Hold a resistance band with your arms out in front of you while standing with your feet hip-width apart. Keeping your arms close to your sides, pull the band towards your chest. Ten to fifteen times, repeat.
Put your hands shoulder-height on the wall while facing the wall with your back to it. Lower your body slowly toward the wall by bending your elbows, then push yourself back up to the starting position. Ten to fifteen times, repeat.
Place your arms over your head and lean your back against a wall. Sliding down the wall as far as you can while maintaining a straight arm position will return your arms to their initial position. Ten to fifteen times, repeat.
Maintain a hip-distance stance while gripping a set of dumbbells by your sides. Your shoulders should rise to your ears and then fall back down. Ten to fifteen times, repeat.
Keeping your feet hip-width apart, place two small weights in front of your thighs and stand there. Raise the dumbbells out to the sides until they are level with your shoulders, maintaining a straight arm position. Reduce them to their initial position. Repeat ten to fifteen times.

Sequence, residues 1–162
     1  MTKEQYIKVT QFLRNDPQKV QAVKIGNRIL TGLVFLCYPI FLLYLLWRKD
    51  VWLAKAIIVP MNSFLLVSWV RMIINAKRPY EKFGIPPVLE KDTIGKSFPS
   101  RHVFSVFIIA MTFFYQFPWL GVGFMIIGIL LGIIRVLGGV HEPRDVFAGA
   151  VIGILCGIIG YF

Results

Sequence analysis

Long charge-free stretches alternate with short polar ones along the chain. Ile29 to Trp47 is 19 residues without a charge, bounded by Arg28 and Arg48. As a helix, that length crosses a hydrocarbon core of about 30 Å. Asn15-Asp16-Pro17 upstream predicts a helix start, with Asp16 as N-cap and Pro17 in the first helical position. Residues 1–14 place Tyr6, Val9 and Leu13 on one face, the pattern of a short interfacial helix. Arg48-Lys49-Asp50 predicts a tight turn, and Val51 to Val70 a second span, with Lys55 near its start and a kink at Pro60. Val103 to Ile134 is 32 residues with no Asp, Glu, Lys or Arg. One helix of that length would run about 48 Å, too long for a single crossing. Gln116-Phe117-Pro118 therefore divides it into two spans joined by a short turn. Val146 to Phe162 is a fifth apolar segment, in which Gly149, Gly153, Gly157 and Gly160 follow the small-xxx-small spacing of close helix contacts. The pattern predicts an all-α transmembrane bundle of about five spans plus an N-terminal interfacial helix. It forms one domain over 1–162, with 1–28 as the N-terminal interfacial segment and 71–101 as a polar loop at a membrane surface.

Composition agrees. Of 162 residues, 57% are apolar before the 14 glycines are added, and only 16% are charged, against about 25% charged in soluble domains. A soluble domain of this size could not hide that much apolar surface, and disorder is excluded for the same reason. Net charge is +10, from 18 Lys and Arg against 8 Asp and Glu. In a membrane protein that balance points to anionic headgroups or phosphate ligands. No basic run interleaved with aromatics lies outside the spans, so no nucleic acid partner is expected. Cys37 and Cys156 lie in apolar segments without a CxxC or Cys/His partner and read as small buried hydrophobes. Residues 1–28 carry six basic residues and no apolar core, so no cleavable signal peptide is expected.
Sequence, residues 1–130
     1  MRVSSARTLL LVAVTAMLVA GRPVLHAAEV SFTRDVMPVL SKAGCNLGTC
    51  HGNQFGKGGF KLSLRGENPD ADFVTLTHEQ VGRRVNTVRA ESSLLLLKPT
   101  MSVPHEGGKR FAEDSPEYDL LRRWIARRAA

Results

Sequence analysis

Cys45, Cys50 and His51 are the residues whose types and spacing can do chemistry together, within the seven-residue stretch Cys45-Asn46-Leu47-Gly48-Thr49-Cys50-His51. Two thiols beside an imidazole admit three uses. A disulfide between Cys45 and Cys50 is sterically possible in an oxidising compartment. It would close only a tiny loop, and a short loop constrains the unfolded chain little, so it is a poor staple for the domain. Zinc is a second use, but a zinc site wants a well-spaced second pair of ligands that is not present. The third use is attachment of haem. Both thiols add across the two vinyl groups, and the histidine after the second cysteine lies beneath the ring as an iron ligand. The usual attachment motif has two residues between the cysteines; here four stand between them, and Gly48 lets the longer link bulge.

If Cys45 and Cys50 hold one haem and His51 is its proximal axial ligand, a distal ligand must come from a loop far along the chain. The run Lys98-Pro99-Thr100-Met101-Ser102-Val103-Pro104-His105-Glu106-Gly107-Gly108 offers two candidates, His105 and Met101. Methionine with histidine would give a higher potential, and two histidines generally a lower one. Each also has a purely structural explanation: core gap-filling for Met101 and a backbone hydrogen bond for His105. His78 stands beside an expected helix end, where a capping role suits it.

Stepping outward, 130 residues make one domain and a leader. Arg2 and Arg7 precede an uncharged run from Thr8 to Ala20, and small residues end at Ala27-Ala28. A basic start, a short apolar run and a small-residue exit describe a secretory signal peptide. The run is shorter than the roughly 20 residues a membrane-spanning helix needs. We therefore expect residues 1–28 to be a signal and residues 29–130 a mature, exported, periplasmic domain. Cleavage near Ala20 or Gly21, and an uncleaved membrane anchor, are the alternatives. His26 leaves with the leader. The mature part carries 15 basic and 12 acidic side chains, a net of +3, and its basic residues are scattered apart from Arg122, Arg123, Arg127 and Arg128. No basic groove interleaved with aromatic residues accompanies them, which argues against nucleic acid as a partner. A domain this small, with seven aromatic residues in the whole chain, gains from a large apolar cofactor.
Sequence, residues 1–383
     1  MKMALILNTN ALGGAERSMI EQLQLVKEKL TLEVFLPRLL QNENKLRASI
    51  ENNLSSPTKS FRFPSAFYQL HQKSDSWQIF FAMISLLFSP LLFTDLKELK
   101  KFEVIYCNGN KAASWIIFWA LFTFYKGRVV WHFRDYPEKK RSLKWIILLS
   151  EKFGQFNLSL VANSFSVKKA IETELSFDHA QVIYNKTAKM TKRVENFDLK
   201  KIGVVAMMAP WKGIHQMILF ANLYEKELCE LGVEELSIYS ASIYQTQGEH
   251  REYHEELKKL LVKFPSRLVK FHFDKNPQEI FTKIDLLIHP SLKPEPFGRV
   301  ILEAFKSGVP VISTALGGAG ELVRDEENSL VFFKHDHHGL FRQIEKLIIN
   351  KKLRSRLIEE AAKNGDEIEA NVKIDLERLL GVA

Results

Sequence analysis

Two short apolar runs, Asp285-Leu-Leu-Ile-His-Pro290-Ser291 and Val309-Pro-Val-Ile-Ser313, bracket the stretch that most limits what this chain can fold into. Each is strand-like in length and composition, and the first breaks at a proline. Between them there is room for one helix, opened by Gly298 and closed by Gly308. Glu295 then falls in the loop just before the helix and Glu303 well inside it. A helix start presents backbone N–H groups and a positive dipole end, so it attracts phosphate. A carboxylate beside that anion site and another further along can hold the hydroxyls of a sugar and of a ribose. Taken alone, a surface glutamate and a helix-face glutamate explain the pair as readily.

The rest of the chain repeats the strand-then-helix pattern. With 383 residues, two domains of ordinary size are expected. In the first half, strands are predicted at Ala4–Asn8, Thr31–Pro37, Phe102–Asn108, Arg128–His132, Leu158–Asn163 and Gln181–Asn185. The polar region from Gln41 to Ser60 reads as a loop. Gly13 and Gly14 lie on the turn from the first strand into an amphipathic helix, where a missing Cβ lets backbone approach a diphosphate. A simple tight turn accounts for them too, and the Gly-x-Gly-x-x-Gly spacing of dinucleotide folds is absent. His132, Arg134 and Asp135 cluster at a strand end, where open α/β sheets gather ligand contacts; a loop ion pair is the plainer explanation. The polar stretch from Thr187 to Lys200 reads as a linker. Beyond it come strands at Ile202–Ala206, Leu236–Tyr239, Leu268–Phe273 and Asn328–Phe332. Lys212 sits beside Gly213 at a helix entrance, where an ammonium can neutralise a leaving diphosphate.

In conclusion, the condition known as snapping scapula syndrome can result in a popping or snapping sound in the shoulder as the arm is moved. Although the precise etiology of this disorder is unknown, a number of factors, including anomalies of the bones, imbalances in the muscles, and deterioration of the joints, are thought to be involved. Physical therapy and exercises are commonly used in the treatment of snapping scapula syndrome in order to strengthen the muscles surrounding the shoulder, increase joint mobility, and address any muscular imbalances. In extreme circumstances, surgery might be required to fix any underlying abnormalities of the bones or to restore any destroyed tissues. Most patients with snapping scapula syndrome are able to heal and regain full use of their shoulder with the right diagnosis and care.